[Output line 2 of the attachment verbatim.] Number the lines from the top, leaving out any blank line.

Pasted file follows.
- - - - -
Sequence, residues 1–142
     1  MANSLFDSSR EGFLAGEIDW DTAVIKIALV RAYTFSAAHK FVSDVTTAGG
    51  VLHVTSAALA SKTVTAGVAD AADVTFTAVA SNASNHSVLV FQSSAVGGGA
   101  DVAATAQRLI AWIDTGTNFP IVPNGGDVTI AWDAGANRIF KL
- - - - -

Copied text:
     1  MANSLFDSSR EGFLAGEIDW DTAVIKIALV RAYTFSAAHK FVSDVTTAGG